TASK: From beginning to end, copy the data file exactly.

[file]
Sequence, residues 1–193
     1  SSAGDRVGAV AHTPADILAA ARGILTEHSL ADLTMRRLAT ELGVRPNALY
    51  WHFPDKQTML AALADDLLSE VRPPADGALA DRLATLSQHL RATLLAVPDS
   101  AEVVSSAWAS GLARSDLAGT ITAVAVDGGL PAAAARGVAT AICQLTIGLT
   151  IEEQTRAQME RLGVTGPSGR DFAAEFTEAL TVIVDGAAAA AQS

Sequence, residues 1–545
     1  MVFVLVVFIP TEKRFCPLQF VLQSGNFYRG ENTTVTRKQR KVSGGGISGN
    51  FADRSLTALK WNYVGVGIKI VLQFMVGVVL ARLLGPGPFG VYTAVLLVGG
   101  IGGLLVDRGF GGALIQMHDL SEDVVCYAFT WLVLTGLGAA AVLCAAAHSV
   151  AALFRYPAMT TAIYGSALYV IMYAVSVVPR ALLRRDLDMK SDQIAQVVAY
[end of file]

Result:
Sequence, residues 1–193
     1  SSAGDRVGAV AHTPADILAA ARGILTEHSL ADLTMRRLAT ELGVRPNALY
    51  WHFPDKQTML AALADDLLSE VRPPADGALA DRLATLSQHL RATLLAVPDS
   101  AEVVSSAWAS GLARSDLAGT ITAVAVDGGL PAAAARGVAT AICQLTIGLT
   151  IEEQTRAQME RLGVTGPSGR DFAAEFTEAL TVIVDGAAAA AQS

Sequence, residues 1–545
     1  MVFVLVVFIP TEKRFCPLQF VLQSGNFYRG ENTTVTRKQR KVSGGGISGN
    51  FADRSLTALK WNYVGVGIKI VLQFMVGVVL ARLLGPGPFG VYTAVLLVGG
   101  IGGLLVDRGF GGALIQMHDL SEDVVCYAFT WLVLTGLGAA AVLCAAAHSV
   151  AALFRYPAMT TAIYGSALYV IMYAVSVVPR ALLRRDLDMK SDQIAQVVAY